As family businesses often begin as local mom-and-pop establishments, the foundation of these organizations is built on more than just an exchange of goods or services. As business owners, the founders generally invest time and effort in forging connections and shared experiences with both their clients and suppliers. As their business grows, these strong relationships continue and help to foster loyalty.
A great example of this is illustrated in IKEA’s early growth phase. When one of its suppliers was struggling to keep up with IKEAs growing demands, instead of taking their business elsewhere, IKEA extended a loan to the supplier to develop its own business. To this day, supplier relationships remain an integral part of IKEA’s business, and the company continues to invest in suppliers’ companies as it pursues its business objectives.
As family-owned companies are in command of their own operations, they are more agile, can make decisions rapidly and act by moving into markets relatively quickly. This offers them a considerable advantage over their non-family peers when it comes to taking advantage of opportunities that arise.
Within families, communication is usually honest and unencumbered. Ideas can be discussed at breakfast; plans can be made at lunch and development can be actioned by dinner. In other types of organizations, especially those constrained by bureaucracy, the same process can take months.
A proposed fifth “C”
In addition to Miller and Breton-Miller’s 4Cs of advantage, conclusions drawn from recent research could lead to the proposal of a fifth “C”, one that is emerging as a significant differentiator between successful family-owned businesses and their competitors — Conservativeness.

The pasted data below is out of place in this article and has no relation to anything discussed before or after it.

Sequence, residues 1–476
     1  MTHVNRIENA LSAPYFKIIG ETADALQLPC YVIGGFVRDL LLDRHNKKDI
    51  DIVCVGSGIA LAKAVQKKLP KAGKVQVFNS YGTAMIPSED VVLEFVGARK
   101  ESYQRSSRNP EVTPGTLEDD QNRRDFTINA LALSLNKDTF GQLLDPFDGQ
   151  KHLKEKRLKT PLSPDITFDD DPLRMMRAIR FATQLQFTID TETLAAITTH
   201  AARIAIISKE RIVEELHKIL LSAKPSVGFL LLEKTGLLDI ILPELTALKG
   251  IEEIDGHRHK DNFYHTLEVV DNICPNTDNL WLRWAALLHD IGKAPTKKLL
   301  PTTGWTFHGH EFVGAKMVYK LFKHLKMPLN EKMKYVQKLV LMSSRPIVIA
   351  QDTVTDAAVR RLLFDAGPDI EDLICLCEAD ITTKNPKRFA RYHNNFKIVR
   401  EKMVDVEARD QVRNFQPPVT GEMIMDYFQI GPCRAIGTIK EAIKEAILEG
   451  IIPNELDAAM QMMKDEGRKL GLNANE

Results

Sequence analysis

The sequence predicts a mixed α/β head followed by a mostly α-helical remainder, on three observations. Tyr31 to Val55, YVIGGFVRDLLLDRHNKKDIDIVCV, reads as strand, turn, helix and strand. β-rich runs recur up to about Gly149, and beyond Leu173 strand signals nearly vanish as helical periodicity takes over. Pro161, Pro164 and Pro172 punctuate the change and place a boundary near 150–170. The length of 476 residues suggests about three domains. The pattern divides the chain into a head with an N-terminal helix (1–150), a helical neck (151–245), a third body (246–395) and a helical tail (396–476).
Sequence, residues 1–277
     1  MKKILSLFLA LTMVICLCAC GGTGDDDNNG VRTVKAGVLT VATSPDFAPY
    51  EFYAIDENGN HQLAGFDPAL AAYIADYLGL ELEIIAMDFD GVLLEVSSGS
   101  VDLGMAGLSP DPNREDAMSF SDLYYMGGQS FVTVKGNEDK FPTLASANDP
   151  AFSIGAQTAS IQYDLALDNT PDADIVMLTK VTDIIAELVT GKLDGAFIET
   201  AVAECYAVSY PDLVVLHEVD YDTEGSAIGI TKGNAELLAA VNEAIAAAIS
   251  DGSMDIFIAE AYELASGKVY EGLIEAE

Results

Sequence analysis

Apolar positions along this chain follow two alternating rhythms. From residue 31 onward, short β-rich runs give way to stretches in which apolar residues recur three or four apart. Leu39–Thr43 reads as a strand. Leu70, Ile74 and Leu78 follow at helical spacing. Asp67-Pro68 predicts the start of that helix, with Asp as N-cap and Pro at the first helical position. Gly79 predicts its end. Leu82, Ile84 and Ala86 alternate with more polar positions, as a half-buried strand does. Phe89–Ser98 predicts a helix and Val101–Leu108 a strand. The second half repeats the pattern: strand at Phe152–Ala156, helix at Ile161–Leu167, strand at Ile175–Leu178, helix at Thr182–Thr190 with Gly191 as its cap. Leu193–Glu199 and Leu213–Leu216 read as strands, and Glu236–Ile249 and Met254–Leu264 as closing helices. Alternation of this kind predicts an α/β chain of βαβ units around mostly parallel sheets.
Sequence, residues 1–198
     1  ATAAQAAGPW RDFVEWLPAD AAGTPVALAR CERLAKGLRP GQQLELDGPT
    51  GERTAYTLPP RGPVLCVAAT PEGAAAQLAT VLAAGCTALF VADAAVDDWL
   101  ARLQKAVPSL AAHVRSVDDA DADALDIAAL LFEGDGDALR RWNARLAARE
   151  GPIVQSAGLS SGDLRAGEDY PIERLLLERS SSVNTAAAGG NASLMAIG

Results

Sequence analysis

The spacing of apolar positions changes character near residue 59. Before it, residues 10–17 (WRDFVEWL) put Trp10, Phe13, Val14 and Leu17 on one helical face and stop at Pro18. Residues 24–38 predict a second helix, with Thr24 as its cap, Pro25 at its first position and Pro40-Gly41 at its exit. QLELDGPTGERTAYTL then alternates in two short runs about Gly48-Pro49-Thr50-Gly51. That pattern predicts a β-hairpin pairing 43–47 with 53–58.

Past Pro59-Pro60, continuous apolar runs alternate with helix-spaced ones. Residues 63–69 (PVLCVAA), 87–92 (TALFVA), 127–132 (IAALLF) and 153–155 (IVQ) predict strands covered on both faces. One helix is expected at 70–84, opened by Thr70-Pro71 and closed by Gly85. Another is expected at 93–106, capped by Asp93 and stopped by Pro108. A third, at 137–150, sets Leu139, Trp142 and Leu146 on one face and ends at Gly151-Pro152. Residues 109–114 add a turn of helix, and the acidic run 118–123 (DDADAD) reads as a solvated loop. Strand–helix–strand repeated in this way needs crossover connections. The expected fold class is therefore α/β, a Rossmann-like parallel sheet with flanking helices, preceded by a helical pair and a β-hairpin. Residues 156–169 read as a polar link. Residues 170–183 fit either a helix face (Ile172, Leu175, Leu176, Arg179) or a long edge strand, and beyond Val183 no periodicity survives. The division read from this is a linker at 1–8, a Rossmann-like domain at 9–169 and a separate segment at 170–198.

Credit Suisse research shows that family-owned companies typically have less leveraged balance sheets, a fact that helps to insulate them during times of financial crises. What’s more, is that they are also able to reduce leverage more rapidly in the years following such periods. This not only contributes to their resilience but also ensures continuity, a concept in which conservative long-term views often find their origin.
This is because founders and family owners with long-term views tend to be cautious about spending and more mindful of the returns when doing so. For example, some research shows that family-owned organizations generally have lower research and development budgets than other businesses, both public and private. This, however, doesn’t mean that they are less innovative. The study shows that they are more innovative in their processes and gain higher innovative outputs. The researchers suggest the reason for this is that family owners ensure that their staff only make sound investments as part of the broader business strategy.
Coupled with higher top-line growth and margins as well as reduced dependence on external funding for growth, these factors suggest that family businesses may also be better at generating cash flow returns as a result.
As families consider continuity and continuity planning, they need to be mindful to do so in a manner that celebrates and preserves these inherent competitive advantages and prevents anything that would diminish them.
This post originally appeared on Francois Botha.